Alexandra Bohannon is an OK Policy Research Fellow. She is currently a second-year student in the Master of Public Administration program with a concentration in public policy at the University of Oklahoma. Alexandra works as a Graduate Research Assistant for the Women’s Leadership Initiative at the Carl Albert Congressional Studies and Research Center. 

Women in Oklahoma are among the lowest wage earners in the US. On the whole, Oklahoma women can expect to earn $0.73 cents for every dollar paid to men, with an even wider gap for women of color. The gap exists across and within occupations, and even regardless of education level. It costs Oklahoma women employed full-time more than $6.2 billion combined in lost wages every year. This amounts to thousands of dollars that Oklahoma families don’t have to spend on food, rent, transportation, and other necessities, and it directly contributes to Oklahoma’s persistently disproportionate poverty rate for women and women-headed households. House Bill 2929, introduced by Rep. Jason Dunnington (D-Oklahoma City) seeks to address this by enforcing equal pay for equal work in Oklahoma.

continue reading Oklahoma women can’t afford wage discrimination. This bill aims to help. (Guest post: Alexandra Bohannon)

It’s the revenue, stupid! (Guest post: Ken Miller)

by | May 6th, 2016 | Posted in Budget | Comments (10)

State Treasurer Ken Miller

State Treasurer Ken Miller

Ken Miller, PhD, is the Oklahoma State Treasurer and an economics professor at Oklahoma Christian University.  This post originally appeared as an article in the April 2016 Oklahoma Economic Report and is reprinted with permission.

This month’s Gross Receipts to the Treasury are the lowest April total in four years and mark a 12th consecutive month of falling collections. On an annualized basis, Gross Receipts to the Treasury are the lowest since June 2013 and all major revenue streams are smaller than one year ago.

The direct and indirect effects of contraction in our state’s anchor industry are, of course, driving these numbers. Monthly collections from oil and natural gas production taxes have been lower than the same month of the prior year for 16 consecutive months, including gross production collections of less than $21 million in April – the lowest monthly total in more than a decade.

Even so, some politicians are reticent to admit by word or deed the state has a revenue problem, instead defaulting to inaction and the tried and true spending problem rhetoric. For those who conveniently posture that our current crisis is rooted in spending, I have breaking news: It’s the revenue, stupid!

continue reading It’s the revenue, stupid! (Guest post: Ken Miller)

Oklahoma’s costly lack of foresight in not funding mental health care (Guest post: Tiara Blue)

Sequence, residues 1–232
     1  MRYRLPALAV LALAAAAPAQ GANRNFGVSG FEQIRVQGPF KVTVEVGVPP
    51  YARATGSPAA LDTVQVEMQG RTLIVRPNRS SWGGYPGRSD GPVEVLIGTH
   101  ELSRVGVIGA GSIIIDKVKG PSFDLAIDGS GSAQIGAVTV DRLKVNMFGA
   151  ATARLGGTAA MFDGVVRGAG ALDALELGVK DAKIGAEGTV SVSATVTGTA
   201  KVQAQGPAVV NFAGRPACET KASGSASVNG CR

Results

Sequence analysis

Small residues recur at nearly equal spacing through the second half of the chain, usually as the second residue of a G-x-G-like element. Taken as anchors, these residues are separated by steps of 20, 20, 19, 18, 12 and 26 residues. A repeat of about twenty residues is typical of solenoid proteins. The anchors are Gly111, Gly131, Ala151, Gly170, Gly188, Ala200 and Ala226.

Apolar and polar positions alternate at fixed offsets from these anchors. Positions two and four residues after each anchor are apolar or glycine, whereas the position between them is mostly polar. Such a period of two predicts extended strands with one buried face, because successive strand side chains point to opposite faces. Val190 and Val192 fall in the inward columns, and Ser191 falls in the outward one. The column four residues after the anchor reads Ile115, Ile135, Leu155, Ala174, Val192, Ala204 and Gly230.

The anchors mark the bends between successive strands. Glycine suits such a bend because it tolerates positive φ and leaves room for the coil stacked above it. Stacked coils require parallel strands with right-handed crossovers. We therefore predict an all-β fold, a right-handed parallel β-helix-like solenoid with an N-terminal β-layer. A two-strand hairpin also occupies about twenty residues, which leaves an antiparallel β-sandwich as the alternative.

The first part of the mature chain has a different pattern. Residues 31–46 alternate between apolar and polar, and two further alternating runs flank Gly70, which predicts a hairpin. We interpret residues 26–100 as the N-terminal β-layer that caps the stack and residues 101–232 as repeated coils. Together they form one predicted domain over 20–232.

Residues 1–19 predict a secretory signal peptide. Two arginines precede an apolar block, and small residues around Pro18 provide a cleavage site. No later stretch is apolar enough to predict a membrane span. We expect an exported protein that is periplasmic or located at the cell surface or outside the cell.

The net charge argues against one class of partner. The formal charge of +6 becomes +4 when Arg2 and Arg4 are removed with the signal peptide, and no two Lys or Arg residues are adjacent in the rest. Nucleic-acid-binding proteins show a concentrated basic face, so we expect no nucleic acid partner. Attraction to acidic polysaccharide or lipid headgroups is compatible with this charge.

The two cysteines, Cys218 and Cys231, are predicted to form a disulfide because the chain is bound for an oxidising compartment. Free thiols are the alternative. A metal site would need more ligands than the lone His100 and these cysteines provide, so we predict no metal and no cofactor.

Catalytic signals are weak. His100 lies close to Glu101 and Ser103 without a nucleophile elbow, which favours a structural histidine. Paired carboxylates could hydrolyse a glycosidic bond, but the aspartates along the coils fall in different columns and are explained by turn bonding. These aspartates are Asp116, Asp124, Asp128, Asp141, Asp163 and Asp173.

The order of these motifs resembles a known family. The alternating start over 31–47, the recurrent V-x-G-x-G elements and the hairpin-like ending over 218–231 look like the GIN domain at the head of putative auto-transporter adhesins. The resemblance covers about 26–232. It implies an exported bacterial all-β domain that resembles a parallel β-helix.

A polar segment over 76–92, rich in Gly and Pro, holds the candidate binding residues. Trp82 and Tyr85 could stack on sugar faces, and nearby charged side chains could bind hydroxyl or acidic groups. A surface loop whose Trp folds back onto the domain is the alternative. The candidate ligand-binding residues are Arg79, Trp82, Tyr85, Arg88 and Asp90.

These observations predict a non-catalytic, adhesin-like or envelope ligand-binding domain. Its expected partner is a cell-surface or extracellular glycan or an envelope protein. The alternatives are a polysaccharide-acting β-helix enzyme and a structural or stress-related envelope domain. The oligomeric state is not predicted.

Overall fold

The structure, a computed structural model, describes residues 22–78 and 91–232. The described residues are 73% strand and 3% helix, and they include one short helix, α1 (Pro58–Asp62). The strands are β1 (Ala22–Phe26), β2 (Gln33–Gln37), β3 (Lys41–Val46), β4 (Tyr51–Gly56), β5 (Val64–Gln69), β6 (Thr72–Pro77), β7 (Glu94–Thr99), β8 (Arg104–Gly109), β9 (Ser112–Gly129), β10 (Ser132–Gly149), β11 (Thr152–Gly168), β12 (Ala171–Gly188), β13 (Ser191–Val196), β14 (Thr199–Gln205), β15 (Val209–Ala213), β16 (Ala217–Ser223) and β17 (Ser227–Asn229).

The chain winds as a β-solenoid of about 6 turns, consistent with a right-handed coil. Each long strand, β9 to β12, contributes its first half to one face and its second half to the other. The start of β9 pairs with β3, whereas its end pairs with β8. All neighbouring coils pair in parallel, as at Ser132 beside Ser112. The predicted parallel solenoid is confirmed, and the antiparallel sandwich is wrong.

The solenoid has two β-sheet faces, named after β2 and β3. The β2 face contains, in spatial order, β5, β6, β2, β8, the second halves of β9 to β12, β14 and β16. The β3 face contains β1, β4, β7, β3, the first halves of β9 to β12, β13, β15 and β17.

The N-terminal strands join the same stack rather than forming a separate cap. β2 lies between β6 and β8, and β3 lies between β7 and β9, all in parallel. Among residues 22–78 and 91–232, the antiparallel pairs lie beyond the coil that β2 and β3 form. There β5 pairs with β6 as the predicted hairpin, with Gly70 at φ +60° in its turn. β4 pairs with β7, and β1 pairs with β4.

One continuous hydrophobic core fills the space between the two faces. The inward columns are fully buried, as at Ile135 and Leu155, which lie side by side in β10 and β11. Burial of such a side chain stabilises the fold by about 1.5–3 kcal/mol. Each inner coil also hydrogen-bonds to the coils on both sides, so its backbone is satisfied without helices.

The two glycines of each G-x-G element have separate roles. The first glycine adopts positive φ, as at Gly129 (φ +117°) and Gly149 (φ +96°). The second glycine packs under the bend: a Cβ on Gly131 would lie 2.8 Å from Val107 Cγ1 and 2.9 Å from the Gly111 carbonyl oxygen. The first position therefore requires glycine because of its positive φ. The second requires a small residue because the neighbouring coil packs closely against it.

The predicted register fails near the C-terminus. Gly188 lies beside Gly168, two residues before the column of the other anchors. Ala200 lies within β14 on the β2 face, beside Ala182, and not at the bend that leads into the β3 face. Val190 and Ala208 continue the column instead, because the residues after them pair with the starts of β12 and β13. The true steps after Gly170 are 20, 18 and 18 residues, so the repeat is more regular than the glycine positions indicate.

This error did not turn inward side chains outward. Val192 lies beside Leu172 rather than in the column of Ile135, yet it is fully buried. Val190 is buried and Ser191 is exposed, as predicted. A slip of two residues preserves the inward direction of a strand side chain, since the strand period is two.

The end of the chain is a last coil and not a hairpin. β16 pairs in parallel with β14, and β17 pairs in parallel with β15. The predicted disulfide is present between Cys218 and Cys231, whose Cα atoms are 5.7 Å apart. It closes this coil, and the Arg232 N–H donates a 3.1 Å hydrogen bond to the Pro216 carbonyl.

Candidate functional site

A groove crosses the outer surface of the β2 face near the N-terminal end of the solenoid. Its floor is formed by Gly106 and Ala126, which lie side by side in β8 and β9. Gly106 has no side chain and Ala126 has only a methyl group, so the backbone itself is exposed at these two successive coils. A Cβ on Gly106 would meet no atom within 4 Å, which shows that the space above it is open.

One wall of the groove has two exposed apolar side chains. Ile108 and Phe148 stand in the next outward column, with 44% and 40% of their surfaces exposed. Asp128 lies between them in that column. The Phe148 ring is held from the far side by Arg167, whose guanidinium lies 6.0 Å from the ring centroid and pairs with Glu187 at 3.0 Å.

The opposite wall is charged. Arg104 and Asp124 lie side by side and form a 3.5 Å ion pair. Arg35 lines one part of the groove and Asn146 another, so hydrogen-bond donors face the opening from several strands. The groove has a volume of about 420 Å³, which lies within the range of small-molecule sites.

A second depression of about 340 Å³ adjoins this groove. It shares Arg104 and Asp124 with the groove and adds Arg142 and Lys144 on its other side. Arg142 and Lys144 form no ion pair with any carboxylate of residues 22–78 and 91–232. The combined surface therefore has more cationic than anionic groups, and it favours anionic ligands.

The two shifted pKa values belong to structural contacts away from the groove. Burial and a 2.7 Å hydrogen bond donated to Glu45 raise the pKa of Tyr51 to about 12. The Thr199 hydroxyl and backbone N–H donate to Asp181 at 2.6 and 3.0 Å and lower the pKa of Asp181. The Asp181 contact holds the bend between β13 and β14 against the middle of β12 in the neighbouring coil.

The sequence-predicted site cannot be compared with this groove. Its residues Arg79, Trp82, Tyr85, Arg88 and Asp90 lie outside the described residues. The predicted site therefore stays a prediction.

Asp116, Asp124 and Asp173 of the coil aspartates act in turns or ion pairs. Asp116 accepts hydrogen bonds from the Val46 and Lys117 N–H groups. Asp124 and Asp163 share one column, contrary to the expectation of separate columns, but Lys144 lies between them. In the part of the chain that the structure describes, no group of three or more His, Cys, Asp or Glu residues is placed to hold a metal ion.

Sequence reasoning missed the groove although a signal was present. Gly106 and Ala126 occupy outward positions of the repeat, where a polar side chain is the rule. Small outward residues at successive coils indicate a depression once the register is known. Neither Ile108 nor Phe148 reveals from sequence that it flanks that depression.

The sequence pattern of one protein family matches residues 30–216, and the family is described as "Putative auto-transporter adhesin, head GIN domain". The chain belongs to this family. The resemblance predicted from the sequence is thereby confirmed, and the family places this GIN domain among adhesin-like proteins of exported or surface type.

by | April 27th, 2016 | Posted in Budget, Healthcare | Comments (5)

Tiara Blue is an instructor at Murray State College in Tishomingo and a contributing writer for NonDoc.

Tiara Blue

Tiara Blue

Foresight. I underlined this word twice in my notes for the late Professor J. Rufus Fears’ “Ancient Rome” course. I was just a sophomore at the University of Oklahoma, but in that lecture, Fears said something that has resonated with me all my life: The difference between a mediocre leader and a leader of true greatness is not money, prestige, or charisma. It’s foresight, the ability to recognize problems on the horizon and create solutions that are good, not only in the short term, but in the long term as well.

In the midst of Oklahoma’s budgetary crisis, it seems that Professor Fears’ hallmark of leadership is lacking at our state capitol.

This was never more clear to me then March 25, when the Oklahoma Department of Mental Health announced that its already anemic budget had been reduced by $22.8 million, or figuring in the loss of federally matched funds, a total of $40 million. Overnight, 73,000 Oklahomans found their access to mental health service reduced or eliminated.

Oklahoma has a long history of not caring enough to invest in mental health treatment. Mentally ill people are lower on the totem pole because politicians don’t view mental health as a politically expedient cause. Politicians do not care because they believe the public does not care.

I am here to tell you why you should.

continue reading Oklahoma’s costly lack of foresight in not funding mental health care (Guest post: Tiara Blue)

Cuts to education spending hurt more than just our children (Guest post: Christiaan Mitchell)

by | April 21st, 2016 | Posted in Blog, Budget, Economy, Education | Comments (1)

Christiaan Mitchell is a lawyer who holds masters degrees in philosophy and education. He lives and works in Bartlesville.

stack of books and apple stabbed by knife to represent education cuts

A couple of weeks ago Williams announced that it was cutting approximately 100 jobs in Tulsa. This announcement was front-page news and sent ripples of anxiety through the entire community.